This is the second lecture in a series of three lectures by Debye Visiting Chair Joanna Aizenberg from Harvard University.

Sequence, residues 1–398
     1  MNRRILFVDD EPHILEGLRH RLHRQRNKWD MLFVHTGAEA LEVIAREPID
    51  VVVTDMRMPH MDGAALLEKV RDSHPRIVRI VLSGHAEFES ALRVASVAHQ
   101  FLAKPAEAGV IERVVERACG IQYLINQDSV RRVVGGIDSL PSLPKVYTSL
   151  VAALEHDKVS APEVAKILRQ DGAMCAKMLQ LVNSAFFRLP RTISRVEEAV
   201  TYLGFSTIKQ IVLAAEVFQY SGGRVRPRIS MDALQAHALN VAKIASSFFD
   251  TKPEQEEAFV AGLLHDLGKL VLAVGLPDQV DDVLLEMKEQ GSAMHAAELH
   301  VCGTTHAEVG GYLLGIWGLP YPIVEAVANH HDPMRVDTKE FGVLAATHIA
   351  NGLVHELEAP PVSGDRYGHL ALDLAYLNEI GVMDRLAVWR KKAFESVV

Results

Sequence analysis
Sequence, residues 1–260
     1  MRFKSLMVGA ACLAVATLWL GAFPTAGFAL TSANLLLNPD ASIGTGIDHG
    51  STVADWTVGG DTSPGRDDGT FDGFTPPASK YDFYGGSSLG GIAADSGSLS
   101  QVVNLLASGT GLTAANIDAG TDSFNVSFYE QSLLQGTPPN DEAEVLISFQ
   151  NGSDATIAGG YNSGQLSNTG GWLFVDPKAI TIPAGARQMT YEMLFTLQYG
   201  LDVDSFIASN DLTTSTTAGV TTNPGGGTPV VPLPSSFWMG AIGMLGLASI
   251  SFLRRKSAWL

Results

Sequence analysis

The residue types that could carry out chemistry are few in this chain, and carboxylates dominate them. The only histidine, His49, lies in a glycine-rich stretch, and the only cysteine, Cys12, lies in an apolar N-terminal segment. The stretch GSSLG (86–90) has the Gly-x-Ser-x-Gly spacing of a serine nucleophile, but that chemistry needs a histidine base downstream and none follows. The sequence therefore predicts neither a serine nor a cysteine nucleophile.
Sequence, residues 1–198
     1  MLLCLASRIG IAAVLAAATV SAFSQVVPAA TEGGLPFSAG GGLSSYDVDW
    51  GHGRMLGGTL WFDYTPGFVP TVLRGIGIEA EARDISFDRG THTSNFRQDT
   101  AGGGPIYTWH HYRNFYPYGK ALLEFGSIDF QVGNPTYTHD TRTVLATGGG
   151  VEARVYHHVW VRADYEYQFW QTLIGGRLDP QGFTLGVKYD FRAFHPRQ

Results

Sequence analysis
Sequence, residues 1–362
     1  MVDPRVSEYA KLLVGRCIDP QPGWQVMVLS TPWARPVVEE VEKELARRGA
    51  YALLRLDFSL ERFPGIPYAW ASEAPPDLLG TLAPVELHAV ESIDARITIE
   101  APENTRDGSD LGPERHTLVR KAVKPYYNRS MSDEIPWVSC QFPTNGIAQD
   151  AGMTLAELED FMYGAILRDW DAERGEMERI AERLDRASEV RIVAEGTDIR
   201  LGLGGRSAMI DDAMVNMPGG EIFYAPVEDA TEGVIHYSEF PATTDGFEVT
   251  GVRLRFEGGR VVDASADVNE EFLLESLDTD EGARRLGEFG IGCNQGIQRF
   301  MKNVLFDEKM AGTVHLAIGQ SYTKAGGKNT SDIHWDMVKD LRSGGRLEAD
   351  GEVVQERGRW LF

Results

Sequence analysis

Dynamic structures that respond reversibly to changes in their environment are central to self-regulating thermal and lighting systems, targeted drug delivery, sensors, and self-propelled locomotion. Since an adaptive change requires energy input, an ideal strategy would be to design materials that harvest energy directly from the environment and use it to drive an appropriate response. This lecture will present the design of a novel class of reconfigurable materials that use ‘hairy’ surfaces bearing arrays of nanostructures put in motion by environment-responsive gels. Their unique hybrid architecture, and chemical and mechanical properties can be optimized to confer a wide range of adaptive behaviors. Using both experimental and modeling approaches, we are developing these hydrogel-actuated integrated responsive systems (HAIRS) as new materials with reversible optical and wetting properties, as a multifunctional platform for controlling cell differentiation and function, and as a first homeostatic system with autonomous self-regulation.